* Switchover rule: to prevent double non-taxation of certain income.
* Exit taxation: to prevent companies from avoiding tax when re-locating assets.
* Interest limitation: to discourage artificial debt arrangements designed to minimise taxes.
* General anti-abuse rule: to counteract aggressive tax planning when other rules don’t apply.
The rules build on global standards developed by the OECD in 2015 on Base Erosion and Profit Shifting (BEPS) and should help to prevent profits being siphoned out of the EU where they go untaxed. In detail:
* All Member States will now tax profits moved to low-tax countries where the company does not have any genuine economic activity (controlled foreign company rules)
* To discourage companies from using excessive interest payments to minimise taxes, Member States will limit the amount of net interest expenses that a company can deduct from its taxable income (interest limitation rules)
* Member States will be able to tackle tax avoidance schemes in cases where other anti-avoidance provisions cannot be applied (general anti-abuse rule)."
Share and enjoy.
"Companies spending significant sums of their own money to buy up all the available storage space in the country - project fear"
I wonder how much Rees-Moggs and Johnsons investments funds have in UK warehousing? And how much have the rental/storage rates increased in recent months?
Project Fear, Gammon, Snowflake, Blue passports, "taking back control"...
What a collosal waste of money and poor planning. How could anyone vote for the Conservative Party after the 948 days. ( https://days.to/since/uk-european-union-referendum-vote )
Really - 948 days x however many MPs salaries... total waste of money.
Be prepared. Like contingency freight deal handed on a plate to Seaborne Freight under the "unforeseen circumstances" exception. Except the relevant snouts in the trough were preparing for it two years earlier.
You bring brexit into every forum!
Inevitable, it's settled into every pore in the country, clogging it up with the same greasy palmed ooze on the hands of most politicians and every cabinet hound.
As clogged as the roads up from the ports of the south will be within two months.
On the 'every cloud has a silver lining' front though, it'll make adventuresome wayward immigration by dinghy across more difficult, given the barricade of parked freight that'll be queued up round the coast waiting for processing by ledger, ink and quill 'cause certain systems aren't ready/broken/overbudget but'll be delivered anyday/awaiting sign-off.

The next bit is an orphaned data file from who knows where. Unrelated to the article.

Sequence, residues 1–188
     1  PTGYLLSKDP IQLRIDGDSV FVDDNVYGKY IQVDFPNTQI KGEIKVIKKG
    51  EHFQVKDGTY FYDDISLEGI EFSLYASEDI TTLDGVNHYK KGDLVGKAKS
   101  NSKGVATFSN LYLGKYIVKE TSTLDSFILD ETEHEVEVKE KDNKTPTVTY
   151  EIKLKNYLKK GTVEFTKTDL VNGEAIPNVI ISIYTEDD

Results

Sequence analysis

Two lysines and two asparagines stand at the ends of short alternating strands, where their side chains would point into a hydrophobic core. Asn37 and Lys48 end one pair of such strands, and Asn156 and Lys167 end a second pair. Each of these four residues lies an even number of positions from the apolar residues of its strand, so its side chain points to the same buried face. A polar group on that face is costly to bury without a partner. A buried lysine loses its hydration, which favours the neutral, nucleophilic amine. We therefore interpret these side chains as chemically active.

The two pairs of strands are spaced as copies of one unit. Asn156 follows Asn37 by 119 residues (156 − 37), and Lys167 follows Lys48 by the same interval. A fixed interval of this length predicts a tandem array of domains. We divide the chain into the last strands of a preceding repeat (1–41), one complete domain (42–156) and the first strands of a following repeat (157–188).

In another masterpiece of planning, with companies struggling to cope with whatever Brexit will bring, because we still don't know, and government clearly doesn't have a clue. HMRC chose to have their flawed "Make Tax Digital! (MTD)" initiative coincide with Brexit. To demonstrate how little they care for the people who have to make MTD work, they have listed lots of approved products but offer absolutely no guidance at all about which product will work with a particular OS. If you want to know, you have to trawl every website listed looking for details. And of course the vendors are most unwilling to make it clear which platforms they support and they are certainly not going to be clear about how much it will cost.
To compound woes there's very little written guidance from HMRC. Some moron thought that making several long videos with "friendly" little animations that take a long time to say nothing was more important than writing some short, effective guides to what the changes actually mean.
It's a perfect clustermess. Two significant changes in a four week period, but neither is defined, there's no help available and the government departments concerned don't care. All to be made at a time when, if the politicians slip on the banana skins that they have used to carpet Westminster, business will bear the brunt.
Gee thanks gummint, you really do have the attitude that Boris Johnson showed, "F*ck business!"
"they have listed lots of approved products but offer absolutely no guidance at all about which product will work with a particular OS."
Well, duh! Everyone paying tax uses Windows of course. Only struggling artists use Macs and only cheapskate dole wallahs use that free Linux thing.
Icon for the hard of humour ----------------------->
"Only struggling artists use Macs and only cheapskate dole wallahs use that free Linux thing."
Making a rod for my own back, I know, but having found that there's no support for Open/Libre Office at all (so far only big accounting packages and some add-ins for Excel support MTD). I've asked HMRC how I can register as a developer so that I can produce something to interface Libre Office to the HMRC API. I'd rather contribute some hours/days to a project than stick money into the pockets of the big five.
We haven't had a responsible government for years